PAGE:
• This function will attempt to auto-convert columns in the provided dataframe/tibble to the correct type. Often, the API will return date/time/datetime columns as plain text, and so this function will try to convert the type based on the column heading. This doesn’t always work…

A Practical Example

Now we understand the workflow associated with an API request, let’s do an example.

We’ll do it twice, once just using the full_request() function, and then again using the functions provided for each step to ensure we know what’s going on under the hood.

In this example, we’ll get some generation data by fuel type between the dates of 1 July 2019 and 3 July 2019 and then plot it using ggplot2. The dataset used is available in the package as generation_dataset_example.

full_request() approach

First things first, let’s create a variable to hold our API key…

api_key <- "your_api_key_here"

Next, we’ve inspected the BMRS API documentation and found that we want the “FUELINST” data item. Let’s find out what parameters we need to provide for this data item…

#> [1] "from_datetime" "to_datetime"

So we’ve got to provide from_datetime and to_datetime. Now let’s create our request…

generation_data <- full_request(data_item = "FUELINST",
                                api_key = api_key,
                                from_datetime = "01 07 2019 00:00:00",
                                to_datetime = "03 07 2019 00:00:00",
                                parse = TRUE,
                                clean_dates = TRUE)

Step approach

Again, let’s create a variable to hold our API key and find out what parameters we need for our “FUELINST” data item…

api_key <- "your_api_key_here"


Next, let’s build our call…

generation_data_request <- build_call(data_item = "FUELINST",
                                      api_key = api_key,
                                      from_datetime = "01 07 2019 00:00:00",
                                      to_datetime = "03 07 2019 00:00:00",
                                      service_type = "csv")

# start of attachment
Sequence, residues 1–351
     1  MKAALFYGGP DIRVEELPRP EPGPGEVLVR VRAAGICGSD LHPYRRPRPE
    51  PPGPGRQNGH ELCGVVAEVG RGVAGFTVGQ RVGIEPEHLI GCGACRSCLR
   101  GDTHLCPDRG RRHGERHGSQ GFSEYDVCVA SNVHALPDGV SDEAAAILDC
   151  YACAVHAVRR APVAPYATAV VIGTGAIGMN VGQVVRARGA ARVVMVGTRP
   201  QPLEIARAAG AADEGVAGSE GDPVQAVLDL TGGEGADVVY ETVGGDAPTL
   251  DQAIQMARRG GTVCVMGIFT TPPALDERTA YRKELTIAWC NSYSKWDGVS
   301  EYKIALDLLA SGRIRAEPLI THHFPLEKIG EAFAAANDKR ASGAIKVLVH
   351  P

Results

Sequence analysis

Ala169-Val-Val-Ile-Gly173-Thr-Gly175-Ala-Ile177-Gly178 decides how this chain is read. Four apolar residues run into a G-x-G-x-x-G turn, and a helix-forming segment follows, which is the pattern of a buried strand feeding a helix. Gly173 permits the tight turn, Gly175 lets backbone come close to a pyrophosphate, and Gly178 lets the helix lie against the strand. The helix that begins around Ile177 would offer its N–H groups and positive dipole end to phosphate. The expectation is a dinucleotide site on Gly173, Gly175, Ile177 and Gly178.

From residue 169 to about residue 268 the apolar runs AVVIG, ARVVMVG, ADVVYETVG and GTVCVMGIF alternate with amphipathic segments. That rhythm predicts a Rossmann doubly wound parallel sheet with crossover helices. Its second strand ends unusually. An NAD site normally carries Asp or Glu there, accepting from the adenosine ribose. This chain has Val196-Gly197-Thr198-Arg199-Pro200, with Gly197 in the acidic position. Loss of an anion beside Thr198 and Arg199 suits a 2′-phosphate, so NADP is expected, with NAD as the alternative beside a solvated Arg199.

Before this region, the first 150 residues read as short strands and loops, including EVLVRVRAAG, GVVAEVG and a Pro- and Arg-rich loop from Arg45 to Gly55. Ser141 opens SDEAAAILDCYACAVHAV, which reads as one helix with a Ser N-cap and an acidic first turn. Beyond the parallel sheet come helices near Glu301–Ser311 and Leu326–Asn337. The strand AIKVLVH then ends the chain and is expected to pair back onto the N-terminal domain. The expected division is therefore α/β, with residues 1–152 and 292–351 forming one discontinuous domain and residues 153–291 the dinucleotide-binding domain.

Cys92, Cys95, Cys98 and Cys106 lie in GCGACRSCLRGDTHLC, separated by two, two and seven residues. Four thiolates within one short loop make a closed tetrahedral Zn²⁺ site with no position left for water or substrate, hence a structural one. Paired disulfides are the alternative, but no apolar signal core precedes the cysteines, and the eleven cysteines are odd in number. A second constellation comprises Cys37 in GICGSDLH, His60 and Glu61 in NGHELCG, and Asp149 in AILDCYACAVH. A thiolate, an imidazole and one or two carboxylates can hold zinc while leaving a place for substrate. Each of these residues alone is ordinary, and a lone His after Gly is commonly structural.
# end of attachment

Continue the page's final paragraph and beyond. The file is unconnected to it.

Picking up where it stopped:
This is equivalent but shorter than…

#This tells us which build_x_call() function to use

generation_data_request <- build_legacy_call(data_item = "FUELINST",
                                             api_key = api_key,
                                             from_datetime = "01 07 2019 00:00:00",
                                             to_datetime = "03 07 2019 00:00:00",
                                             service_type = "csv")

Now we’ve got our request, we can send it…

generation_data_response <- send_request(request = generation_data_request)

And then parse it…

generation_data <- parse_response(response = generation_data_response,
                                  format = "csv",
                                  clean_dates = TRUE)

Linking all these together using the pipe, we’d get…

generation_data <- build_call(data_item = "FUELINST",
                              api_key = api_key,
                              from_datetime = "01 07 2019 00:00:00",
                              to_datetime = "03 07 2019 00:00:00",
                              service_type = "csv") %>%
  send_request() %>%


Now we’ve got the data, we can convert the dataset to the tidy format and then make a plot…

#Load the libraries for a bit more cleaning and then plotting...
library(ggplot2, quietly = TRUE, warn.conflicts = FALSE)
library(tidyr, quietly = TRUE, warn.conflicts = FALSE)
library(dplyr, quietly = TRUE, warn.conflicts = FALSE)

#Change the fuel types from columns to a grouping (tidy format)
generation_data <- generation_data %>%
  dplyr::mutate(settlement_period = as.factor(settlement_period)) %>%
  tidyr::gather(key = "fuel_type", value = "generation_mw", ccgt:intnem)

#Make a line graph of the different generation types
ggplot2::ggplot(data = generation_data, aes(x = spot_time, y = generation_mw, colour = fuel_type)) +